Protection for the originators of new plant creations
From the October 1904 issue of American Nurseryman (Vol. XII, NO. 10; October 1904, page 125):
“The exclusive rights of authors and inventors are protected by copyright and patent by the Civil Government, and this is right within reasonable limits. But the creator of new and valuable plant life has no such protection by law. This at first, seems a mistake that might be corrected, but it can hardly be reached either by patent or copyright, for things that live and grow are a law unto themselves.
Slight variations are constantly appearing among the standard varieties of fruit and other plants, and every seedling is a variation, which may or may not be of unusual value. Where could the line be drawn between two seedlings that closely resembled each other and yet were perhaps originated thousands of miles apart by different planters?
Would not a law to patent or copyright each new plant result in much injustice if it should be enforced? Would such a law tend to retard progress in selection in plant growing; for instance if a farmer produced a better fruit or grain, would he not fear to pass it around to his neighbors lest some unprincipled person should take it up, patent it, and so prevent even the discoverer or originator from using it himself.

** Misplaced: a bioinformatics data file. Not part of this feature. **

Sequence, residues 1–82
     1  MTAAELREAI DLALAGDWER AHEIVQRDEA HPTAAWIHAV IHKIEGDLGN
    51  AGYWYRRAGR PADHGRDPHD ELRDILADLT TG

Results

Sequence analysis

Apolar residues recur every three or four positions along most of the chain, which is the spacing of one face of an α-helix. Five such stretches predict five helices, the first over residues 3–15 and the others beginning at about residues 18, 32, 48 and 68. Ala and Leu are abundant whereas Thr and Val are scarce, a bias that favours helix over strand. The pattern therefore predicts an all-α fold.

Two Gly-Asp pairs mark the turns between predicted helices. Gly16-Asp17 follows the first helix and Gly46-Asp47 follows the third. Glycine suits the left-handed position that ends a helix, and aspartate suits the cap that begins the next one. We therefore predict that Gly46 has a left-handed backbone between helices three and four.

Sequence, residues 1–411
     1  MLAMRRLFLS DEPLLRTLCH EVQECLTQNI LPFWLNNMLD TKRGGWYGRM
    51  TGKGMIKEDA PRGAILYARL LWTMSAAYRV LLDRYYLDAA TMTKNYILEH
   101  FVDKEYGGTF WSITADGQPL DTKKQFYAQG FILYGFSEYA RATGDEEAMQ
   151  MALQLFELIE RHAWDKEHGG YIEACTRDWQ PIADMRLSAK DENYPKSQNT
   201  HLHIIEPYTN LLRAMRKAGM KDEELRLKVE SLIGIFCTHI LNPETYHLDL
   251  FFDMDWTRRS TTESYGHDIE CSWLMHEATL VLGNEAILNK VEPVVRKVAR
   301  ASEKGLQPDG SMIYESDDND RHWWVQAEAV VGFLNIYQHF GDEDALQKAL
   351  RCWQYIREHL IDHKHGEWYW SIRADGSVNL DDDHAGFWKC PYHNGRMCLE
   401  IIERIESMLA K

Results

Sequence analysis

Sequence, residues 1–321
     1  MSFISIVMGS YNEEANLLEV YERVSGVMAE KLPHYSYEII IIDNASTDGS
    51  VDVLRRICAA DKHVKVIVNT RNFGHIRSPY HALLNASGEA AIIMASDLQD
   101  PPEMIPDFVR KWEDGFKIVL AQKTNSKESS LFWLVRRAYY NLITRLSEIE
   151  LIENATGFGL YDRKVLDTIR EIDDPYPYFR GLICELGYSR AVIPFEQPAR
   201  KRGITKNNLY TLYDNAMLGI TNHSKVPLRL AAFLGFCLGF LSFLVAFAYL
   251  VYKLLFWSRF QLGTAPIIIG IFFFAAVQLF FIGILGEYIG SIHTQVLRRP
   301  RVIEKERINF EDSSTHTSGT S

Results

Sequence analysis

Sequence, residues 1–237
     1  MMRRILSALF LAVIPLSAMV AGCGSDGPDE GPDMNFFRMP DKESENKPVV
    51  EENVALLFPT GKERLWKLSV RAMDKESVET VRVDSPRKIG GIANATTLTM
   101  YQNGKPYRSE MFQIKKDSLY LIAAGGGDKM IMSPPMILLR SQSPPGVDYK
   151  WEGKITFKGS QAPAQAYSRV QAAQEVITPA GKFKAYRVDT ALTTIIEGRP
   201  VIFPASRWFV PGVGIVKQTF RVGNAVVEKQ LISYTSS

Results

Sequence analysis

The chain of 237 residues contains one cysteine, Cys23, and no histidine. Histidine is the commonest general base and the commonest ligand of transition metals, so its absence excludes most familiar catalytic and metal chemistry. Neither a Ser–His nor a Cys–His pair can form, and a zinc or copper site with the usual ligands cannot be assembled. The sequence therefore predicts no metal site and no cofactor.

In all newly settled places it is the kindly exchange of plants between neighbors that helps to make the world more beautiful. We see this every day in gardens and orchards. If a man has anything extra in fruits and nuts, vegetables, grains, or grasses it is not of full value to him until he has talked it over with his neighbor, and persuaded him to try it, often dividing with him his own stock.
However, no doubt, there can be some protection for the plant originator, in laws prohibiting anything in plant life being sold under wrong labels, thus preventing the nurseryman from sending out inferior stock protected by means of standard or newer varieties which have been proved of worth. The plant originator can also be protected by the names which he selects and puts upon his own productions, so that no other plant of a similar nature may be given the same name thereby confusing purchasers and defrauding the plant originator; and that his new creations sent out may not be renamed. Such laws enforced would do much to protect the plant originator as well as the buying public.”